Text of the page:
Hypoventilation - Wikipedia
Hypoventilation and oxygen desaturation deteriorate during sleep secondary to a Metabolic production of carbon dioxide occurs rapidly. Thus The relationship between ventilation and PaCO2 can be expressed as PaCO2. Hyperventilation; Anxiety, pain; Anemia; Shock; Some degrees of pulmonary pCO2 (partial pressure of carbon dioxide) reflects the the amount of carbon PO2 (partial pressure of oxygen) reflects the amount of oxygen gas dissolved in the. Hypoventilation occurs when ventilation is inadequate (hypo meaning "below") to perform needed gas exchange. By definition it causes an increased concentration of carbon dioxide.
After encountering two such cases, including one with a fatal coma, the authors set up a study to examine the effect of oxygen on intracranial pressure that is, cerebrospinal fluid pressures measured through a lumbar puncture in similar patients. The authors found that, in all four studied subjects with emphysema and cyanosis, oxygen therapy led to increased cerebrospinal fluid pressures, which returned to baseline when oxygen was stopped.
Davies and Mackinnon hypothesized that oxygen intoxication could have led to accumulation of carbon dioxide CO2 in the body and cautioned against the use of oxygen in these patients. In response to this article, Donald [ 2 ] described an emphysema patient who developed a hypercapnic 16 kPa coma during oxygen therapy and who had rapid clinical improvement after oxygen therapy was discontinued. The author, referring to such patients, stated the following theory: The removal of the anoxic stimulus causes them to hypoventilate with further retention of carbon dioxide'.
Oxygen-induced hypercapnia in COPD: myths and facts
Reading these early reports about oxygen-induced hypercapnia in patients with chronic obstructive pulmonary disease COPDone might think that not much has changed over the years. Despite subsequent studies and reviews [ 3 ] describing the effect of oxygen on the ventilator drive in patients with COPD, disproving the 'hypoxic drive' theorem, many clinicians are still being taught during their medical training that administration of oxygen in patients with COPD can be dangerous given that it induces hypercapnia through the 'hypoxic drive' mechanism; that is, increasing arterial O2 tension will reduce the respiratory drive, leading to a dangerous hypercapnia.
This misconception has resulted in the reluctance of clinicians and nurses to administer oxygen to hypoxemic patients with COPD. In most cases, this is an unwise decision, putting at risk the safety of patients with acute exacerbation of COPD.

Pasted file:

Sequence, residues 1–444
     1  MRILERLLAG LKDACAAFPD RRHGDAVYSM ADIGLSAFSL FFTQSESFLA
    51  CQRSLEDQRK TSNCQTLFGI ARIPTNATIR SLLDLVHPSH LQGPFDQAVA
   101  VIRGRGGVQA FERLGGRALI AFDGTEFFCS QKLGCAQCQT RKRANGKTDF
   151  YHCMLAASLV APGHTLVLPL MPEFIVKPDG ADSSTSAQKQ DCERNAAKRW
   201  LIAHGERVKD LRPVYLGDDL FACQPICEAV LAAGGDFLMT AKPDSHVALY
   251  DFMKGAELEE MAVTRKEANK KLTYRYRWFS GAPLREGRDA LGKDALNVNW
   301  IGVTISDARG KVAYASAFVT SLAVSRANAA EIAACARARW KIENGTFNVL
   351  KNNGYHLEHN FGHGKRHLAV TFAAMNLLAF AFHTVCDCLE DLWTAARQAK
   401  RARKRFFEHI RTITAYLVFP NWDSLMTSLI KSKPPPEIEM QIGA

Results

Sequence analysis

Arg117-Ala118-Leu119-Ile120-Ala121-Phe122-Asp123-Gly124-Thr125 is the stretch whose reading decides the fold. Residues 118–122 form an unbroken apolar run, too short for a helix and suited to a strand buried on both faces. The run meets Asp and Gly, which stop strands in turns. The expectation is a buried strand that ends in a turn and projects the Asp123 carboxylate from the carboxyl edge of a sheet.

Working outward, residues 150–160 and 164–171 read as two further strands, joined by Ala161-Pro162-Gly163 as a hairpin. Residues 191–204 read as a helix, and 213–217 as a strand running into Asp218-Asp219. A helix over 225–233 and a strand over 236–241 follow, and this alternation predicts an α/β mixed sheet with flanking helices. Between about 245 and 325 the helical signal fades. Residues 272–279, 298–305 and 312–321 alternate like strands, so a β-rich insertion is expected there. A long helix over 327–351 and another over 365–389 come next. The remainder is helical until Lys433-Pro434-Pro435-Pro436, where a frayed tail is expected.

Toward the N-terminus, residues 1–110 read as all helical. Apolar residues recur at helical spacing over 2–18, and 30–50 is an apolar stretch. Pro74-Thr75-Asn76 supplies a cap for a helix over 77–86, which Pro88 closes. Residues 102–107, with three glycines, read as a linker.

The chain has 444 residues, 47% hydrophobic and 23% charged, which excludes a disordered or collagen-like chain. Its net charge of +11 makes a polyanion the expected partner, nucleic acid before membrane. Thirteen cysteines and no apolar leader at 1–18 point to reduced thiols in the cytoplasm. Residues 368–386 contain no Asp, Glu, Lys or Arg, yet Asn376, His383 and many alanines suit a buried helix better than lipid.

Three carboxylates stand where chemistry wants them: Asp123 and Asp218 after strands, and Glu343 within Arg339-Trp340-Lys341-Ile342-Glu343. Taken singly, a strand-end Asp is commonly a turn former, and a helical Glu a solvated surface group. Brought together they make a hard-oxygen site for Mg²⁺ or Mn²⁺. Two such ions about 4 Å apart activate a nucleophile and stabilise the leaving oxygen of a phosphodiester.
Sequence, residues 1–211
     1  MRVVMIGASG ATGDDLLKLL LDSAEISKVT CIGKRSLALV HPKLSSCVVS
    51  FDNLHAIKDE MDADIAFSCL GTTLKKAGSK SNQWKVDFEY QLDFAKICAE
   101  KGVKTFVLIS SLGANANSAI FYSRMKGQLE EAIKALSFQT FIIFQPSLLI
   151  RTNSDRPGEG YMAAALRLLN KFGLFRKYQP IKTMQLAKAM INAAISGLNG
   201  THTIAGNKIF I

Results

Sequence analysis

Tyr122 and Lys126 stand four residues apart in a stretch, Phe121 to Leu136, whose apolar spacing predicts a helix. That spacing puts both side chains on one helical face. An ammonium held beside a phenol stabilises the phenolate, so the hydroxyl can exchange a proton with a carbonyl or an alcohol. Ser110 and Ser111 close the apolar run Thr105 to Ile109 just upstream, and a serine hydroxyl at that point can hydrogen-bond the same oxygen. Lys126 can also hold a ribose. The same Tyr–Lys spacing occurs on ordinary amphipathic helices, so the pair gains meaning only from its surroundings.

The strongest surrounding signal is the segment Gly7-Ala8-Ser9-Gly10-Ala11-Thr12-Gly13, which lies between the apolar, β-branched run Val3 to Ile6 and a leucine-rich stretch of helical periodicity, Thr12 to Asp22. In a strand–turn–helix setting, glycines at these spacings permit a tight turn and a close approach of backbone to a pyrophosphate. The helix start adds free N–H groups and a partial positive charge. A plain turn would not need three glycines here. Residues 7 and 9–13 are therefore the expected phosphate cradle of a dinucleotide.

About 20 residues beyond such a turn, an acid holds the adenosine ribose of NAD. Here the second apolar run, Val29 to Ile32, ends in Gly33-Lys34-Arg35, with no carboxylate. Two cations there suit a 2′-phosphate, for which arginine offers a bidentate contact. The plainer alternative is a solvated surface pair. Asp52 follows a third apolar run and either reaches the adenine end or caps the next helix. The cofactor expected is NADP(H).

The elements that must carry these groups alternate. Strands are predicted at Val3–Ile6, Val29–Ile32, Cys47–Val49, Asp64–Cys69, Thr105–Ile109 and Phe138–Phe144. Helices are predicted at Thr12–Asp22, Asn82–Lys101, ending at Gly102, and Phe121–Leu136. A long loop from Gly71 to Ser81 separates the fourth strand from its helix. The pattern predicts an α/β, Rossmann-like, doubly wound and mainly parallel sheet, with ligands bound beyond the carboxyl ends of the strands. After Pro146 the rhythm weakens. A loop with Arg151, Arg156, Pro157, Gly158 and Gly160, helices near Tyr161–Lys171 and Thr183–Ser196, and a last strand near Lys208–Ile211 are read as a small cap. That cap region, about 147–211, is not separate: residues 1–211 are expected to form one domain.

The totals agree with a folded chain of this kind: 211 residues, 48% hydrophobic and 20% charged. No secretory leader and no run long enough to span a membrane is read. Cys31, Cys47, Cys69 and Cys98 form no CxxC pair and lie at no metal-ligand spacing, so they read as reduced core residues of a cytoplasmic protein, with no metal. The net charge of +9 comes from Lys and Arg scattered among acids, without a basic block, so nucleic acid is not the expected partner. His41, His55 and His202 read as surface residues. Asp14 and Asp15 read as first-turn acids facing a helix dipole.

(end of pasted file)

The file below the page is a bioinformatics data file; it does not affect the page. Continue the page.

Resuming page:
In this concise paper, we will discuss the impact and pathophysiology of oxygen-induced hypercapnia in patients with acute exacerbation of COPD.
The authors found that PaCO2 increased from 8.
More than two decades later, this study was repeated [ 5 ]. Effects on Alveolar Carbon Dioxide As discussed in alveolar carbon dioxidethe partial pressure of CO2 in the alveolus is inversely proportional to the rate of alveolar ventilation. When alveolar ventilatory rates decline, the rate at which CO2 is eliminated by the lungs correspondingly decreases, thus yielding increased partial pressures of alveolar CO2 PACO2.
Consequently, hypoventilation is always accompanied by increased alveolar carbon dioxide values and in turn increased arterial carbon dioxide values, yielding hypercapnia and potentially respiratory acidosis.
Effects on Alveolar Oxygen Declining alveolar ventilation rates also reduce the rate at which alveolar air is refreshed with oxygen-rich external air. As discussed in alveolar oxygenthis yields a decrease in the partial pressure of oxygen in the alveolar space PAO2.
This can be quantitatively appreciated from the "Alveolar Gas Equation" described in the alveolar oxygen page which demonstrates how increased values for alveolar carbon dioxide PACO2 will result in reduced values for alveolar oxygen PAO2.
Because the alveolar oxygen tension determines the arterial partial pressure of oxygen, a hypoventilating individual can display sufficient decreases in their arterial oxygen tension to be considered hypoxemic. Diagnosis A-a Gradient As described in oxygen pulmonary gas exchangelower alveolar partial pressures of oxygen will reduce the oxygen diffusion gradient between the alveolar space and the blood in the pulmonary capillaries.
This will result in a slowing in the rate of oxygen diffusion from the alveolar space to the pulmonary capillaries; however, in the absence of other overt pathology, the partial pressures of oxygen in these two compartments should equalize by the end of the pulmonary capillaries. Consequently, in a healthy individual at high elevations, the A-a Gradient will be normal.